No Love On Trade
In their final head-to-head meeting before Tuesday's Ohio and Texas primaries, Sens. Hillary Rodham Clinton (N.Y.) and Barack Obama (Ill.) declared that they would opt out of the North American Free Trade Agreement with Canada and Mexico unless those two countries renegotiated the pact's labor and environmental provisions to the United States' liking. For two candidates who pledge to repair U.S. standing in the world, it was an odd swipe at our next-door neighbors.
The last line is especially true, it's hard to gain better standing anywhere when you want to renegotiate approved treaties from a "me first" perspective.
The Congressional Budget Office studied NAFTA in 2003, and found that the effect of it on the US economy wasn't huge, but it was a net positive, with our exports to Mexico growing faster in all but 3 of the first 10 years of the agreement than our imports from Mexico.
Carlos Gutierrez, the Secretary of Commerce makes two good points, one current and one historic. The current one being that while the economy has slowed due to the housing and credit crunches, our exports have been increasing, and cushioning that slow down. This was pointed out in the Wall Street Journal on January 28th by Brian Wesbury, who noted:
With housing so weak, the recent softness in production and durable goods orders is understandable. But housing is now a small share of GDP (4.5%). And it has fallen so much already that it is highly unlikely to drive the economy into recession all by itself. Exports are 12% of the economy, and are growing at a 13.6% rate. The boom in exports is overwhelming the loss from housing.Does either Democratic candidate truly believe that we'll sustain that kind of export growth if we decide that unilateral renegotiation of trade agreements is the path we should take?
Gutierrez's historical note was based on the protectionist past of the US, and it's devastatingly bad impact on the economy:
There was a time in our nation's history when we sought to protect Americans by withdrawing from the world. In reaction to increasing agricultural imports, our government raised tariffs to historically high levels. We tried to protect jobs. But instead of the prosperity Americans expected, our unemployment rate increased to 25 percent and international trade dropped 66 percent. Protectionism was the wrong approach during the Great Depression, and it's still wrong in 2008.We've seen this occur in small pieces over the last decade or so, whether is was the net loss of 250,000 manufacturing jobs to protect 60,000 steel workers with a misguided tariff on imported steel, or the decrease in agricultural exports to Europe when we decided to impose tariffs on certain imports from them, and got beat up at the WTO.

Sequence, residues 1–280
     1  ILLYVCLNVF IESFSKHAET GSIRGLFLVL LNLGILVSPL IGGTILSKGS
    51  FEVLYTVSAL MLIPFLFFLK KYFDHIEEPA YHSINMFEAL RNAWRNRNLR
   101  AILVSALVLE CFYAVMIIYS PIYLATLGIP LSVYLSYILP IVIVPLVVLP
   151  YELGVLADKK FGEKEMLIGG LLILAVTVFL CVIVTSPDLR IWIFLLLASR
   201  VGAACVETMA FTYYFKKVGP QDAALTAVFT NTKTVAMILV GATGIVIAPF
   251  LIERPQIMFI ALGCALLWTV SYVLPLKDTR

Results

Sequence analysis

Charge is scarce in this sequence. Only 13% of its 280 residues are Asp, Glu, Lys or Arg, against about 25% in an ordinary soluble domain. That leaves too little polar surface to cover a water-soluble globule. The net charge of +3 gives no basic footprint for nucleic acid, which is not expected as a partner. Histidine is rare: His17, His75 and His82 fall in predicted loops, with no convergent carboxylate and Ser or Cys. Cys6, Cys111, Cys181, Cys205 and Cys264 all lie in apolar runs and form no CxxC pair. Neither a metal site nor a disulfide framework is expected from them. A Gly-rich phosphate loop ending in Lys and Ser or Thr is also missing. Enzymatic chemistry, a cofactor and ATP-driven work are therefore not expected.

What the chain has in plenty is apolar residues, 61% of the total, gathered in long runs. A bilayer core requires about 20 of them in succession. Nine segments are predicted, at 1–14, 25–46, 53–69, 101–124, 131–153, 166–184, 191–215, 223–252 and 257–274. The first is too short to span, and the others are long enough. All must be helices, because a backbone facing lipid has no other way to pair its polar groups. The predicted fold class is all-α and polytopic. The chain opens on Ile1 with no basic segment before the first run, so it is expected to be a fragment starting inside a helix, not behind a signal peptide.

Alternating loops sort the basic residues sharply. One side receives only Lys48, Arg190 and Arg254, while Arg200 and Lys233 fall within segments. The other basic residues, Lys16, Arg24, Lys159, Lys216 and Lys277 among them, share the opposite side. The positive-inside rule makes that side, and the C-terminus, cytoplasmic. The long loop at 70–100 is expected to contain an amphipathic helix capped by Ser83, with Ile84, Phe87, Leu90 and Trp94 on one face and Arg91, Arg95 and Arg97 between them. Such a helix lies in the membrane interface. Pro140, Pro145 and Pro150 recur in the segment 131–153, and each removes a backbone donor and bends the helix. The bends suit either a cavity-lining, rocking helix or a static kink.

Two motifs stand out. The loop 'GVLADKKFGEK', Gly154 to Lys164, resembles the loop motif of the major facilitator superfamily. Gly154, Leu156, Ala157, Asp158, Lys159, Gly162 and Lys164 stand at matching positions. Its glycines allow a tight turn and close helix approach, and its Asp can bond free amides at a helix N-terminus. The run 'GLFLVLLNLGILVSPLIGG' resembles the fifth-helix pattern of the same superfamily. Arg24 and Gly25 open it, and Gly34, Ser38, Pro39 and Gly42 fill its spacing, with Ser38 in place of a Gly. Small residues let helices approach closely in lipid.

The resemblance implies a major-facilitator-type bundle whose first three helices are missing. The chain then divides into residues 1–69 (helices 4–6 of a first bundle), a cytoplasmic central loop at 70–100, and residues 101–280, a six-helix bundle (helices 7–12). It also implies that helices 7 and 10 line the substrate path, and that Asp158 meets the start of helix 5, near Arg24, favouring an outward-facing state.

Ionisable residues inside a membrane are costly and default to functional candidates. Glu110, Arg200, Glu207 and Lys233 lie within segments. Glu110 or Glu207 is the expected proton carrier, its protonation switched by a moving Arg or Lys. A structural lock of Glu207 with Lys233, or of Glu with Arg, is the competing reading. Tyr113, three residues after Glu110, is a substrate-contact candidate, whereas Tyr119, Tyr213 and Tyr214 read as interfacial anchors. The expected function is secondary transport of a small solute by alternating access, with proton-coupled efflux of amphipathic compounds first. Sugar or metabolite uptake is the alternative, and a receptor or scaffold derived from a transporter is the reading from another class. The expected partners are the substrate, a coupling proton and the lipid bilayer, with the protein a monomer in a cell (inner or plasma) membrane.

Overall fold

While it's easy to pander (as the Post puts it) to certain segments of the population for political gain, it's harder to reverse the notion with trade partners that you want to redo set agreements for your own gain. That same sentiment will end up creeping into negotiations with other potential partners, and soon you find that even if you support decent trade agreements you can't negotiate them because of the perceptions that are out there.
Isolationism and protectionist trade rants aren't going to turn back the clock to 1950, when the US was the supplier of everything to nearly everyone. It's not going to bring back jobs that were lost when segments of our industries became uncompetitive and too expensive to compete in the world market that has been emerging for the last two decades.
Instead, that type of rhetoric, and the actions suggested by both Clinton and Obama would bring back the 1930's, not a time many of us are yearning to return to. (Or in my case visit for the first time).